Not sure who is luckier, the pilot or the passengers.
Link Posted: 2/14/2013 11:37:02 AM EDT
Originally Posted By Him:
Not sure who is luckier, the pilot or the passengers.


The baby was the luckiest, not being strapped in. I believe the guy making the video was also holding the baby.

Here is some more info on ASN
Link Posted: 2/14/2013 12:31:55 PM EDT
The thing about landing on roads is is that there are often wires and power lines cutting across the road. Not to mention traffic and others on the road. Hitting a wire at 30 ft doing 100 mph is going to be far more disastrous than landing on a muddy or snowy field and bending a plane. I would have opted for the field too
Link Posted: 2/14/2013 6:26:12 PM EDT
Originally Posted By Mazawakhan:
The thing about landing on roads is is that there are often wires and power lines cutting across the road. Not to mention traffic and others on the road. Hitting a wire at 30 ft doing 100 mph is going to be far more disastrous than landing on a muddy or snowy field and bending a plane. I would have opted for the field too


The thing is, the impact and end-over flip they did is not without risk to the occupants. What if there'd been a post-crash fire or the battery mount had come apart, letting the thirty pound battery fly through the cabin. The people in this video were quite lucky, and should be thankful they had shoulder harnesses, otherwise it would have been a lot worse.
Link Posted: 2/14/2013 6:54:31 PM EDT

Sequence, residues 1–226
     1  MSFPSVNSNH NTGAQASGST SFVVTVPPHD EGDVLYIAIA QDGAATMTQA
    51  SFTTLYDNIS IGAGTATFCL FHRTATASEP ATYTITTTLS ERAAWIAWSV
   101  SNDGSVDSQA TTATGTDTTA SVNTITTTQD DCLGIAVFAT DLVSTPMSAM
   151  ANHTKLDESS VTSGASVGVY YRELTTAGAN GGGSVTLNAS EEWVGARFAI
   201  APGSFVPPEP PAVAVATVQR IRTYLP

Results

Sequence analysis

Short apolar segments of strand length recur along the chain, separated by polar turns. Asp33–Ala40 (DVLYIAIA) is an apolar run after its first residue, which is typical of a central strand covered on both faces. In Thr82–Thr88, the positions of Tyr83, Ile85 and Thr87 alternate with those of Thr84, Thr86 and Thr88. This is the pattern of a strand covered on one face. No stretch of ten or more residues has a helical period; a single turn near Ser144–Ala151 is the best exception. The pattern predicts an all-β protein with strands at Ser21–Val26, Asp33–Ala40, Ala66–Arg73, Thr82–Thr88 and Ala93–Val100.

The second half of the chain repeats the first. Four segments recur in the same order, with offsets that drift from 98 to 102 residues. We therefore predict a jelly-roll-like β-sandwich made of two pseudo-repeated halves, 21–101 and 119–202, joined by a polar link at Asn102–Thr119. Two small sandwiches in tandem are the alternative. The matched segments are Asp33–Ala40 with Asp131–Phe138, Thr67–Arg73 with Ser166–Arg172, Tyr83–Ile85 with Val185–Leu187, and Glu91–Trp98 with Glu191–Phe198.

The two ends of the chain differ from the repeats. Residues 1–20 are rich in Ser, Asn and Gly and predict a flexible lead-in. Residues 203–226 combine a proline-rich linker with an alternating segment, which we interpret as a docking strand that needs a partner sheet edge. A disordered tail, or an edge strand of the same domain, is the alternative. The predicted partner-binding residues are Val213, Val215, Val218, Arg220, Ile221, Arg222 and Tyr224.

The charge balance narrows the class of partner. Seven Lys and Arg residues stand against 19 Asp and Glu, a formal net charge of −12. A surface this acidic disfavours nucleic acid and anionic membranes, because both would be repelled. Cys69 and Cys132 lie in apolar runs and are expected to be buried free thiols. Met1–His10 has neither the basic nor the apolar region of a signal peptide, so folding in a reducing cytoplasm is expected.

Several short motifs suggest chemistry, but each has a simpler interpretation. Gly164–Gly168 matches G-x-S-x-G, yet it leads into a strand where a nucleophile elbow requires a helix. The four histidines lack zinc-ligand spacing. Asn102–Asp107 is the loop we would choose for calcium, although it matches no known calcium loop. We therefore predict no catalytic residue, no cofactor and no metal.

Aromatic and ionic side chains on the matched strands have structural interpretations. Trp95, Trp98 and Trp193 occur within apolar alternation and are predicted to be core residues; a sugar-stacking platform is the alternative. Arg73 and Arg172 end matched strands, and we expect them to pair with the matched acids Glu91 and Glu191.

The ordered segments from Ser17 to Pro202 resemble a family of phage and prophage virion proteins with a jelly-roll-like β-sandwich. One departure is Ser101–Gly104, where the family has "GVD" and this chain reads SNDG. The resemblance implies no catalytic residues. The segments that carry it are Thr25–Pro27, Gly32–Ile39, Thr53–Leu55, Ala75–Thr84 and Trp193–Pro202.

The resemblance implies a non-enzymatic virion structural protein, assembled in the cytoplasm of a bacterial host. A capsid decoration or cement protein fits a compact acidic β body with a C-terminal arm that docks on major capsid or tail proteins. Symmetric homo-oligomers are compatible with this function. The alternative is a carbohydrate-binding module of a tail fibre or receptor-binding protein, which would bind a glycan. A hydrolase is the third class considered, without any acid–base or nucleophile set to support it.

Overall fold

[Last Edit: 2/14/2013 9:03:12 PM EDT by clffrdjk]
Multiple dead end roads plenty long at 1:20 (granted the camera does stop recording so that could be an hour before the crash)
No flap landing

Luck mixed with a little bit of skill saved their lives.
A different decision or two and possibly quicker thinking might have saved the pilot's livelihood and given everyone a much smoother ride.

Or
It was miss diagnosed as carb ice at the start and turned into a larger engine issue that forced him down. If that is the case he may have been trying to stretch it and that is why he did not deploy flaps. Can't really tell from the film due to the breaks in it.

Either way I would buy the guy a beer or ten if I had the chance to sit down with him and hear his story.
Link Posted: 2/14/2013 7:08:18 PM EDT
Originally Posted By ske714:
Originally Posted By Him:
Not sure who is luckier, the pilot or the passengers.


The baby was the luckiest, not being strapped in. I believe the guy making the video was also holding the baby.

Here is some more info on ASN


5 people in a 4 passenger airplane, and we're questioning the pilots decision making?

Shocking.
Link Posted: 2/14/2013 8:00:56 PM EDT
Originally Posted By Frank_The_Tank:
Originally Posted By Skrutinizr:
Typically there are not a lot of lines crossing over rural roads- the straight stretch where there aren't any houses is unlikely to have a wire problem and he had enough altitude to recon a stretch. Was he even using flaps? I gotta go back and look again, but I don't recall the flaps being deployed.


Well seeing the picture of the plane from the link above the flaps weren't deployed.


After the crash the camera was pointed at the Johnson bar and it was down so I am thinking no flaps. Johnson bars were used on Cessnas until, I think, 1960. Those old Cessnas had 40 deg flaps, he could have landed at a much lower speed, if indeed he had not deployed the flaps, maybe avoiding the flip. Just speculation, glad they all survived.
Link Posted: 2/15/2013 4:25:02 AM EDT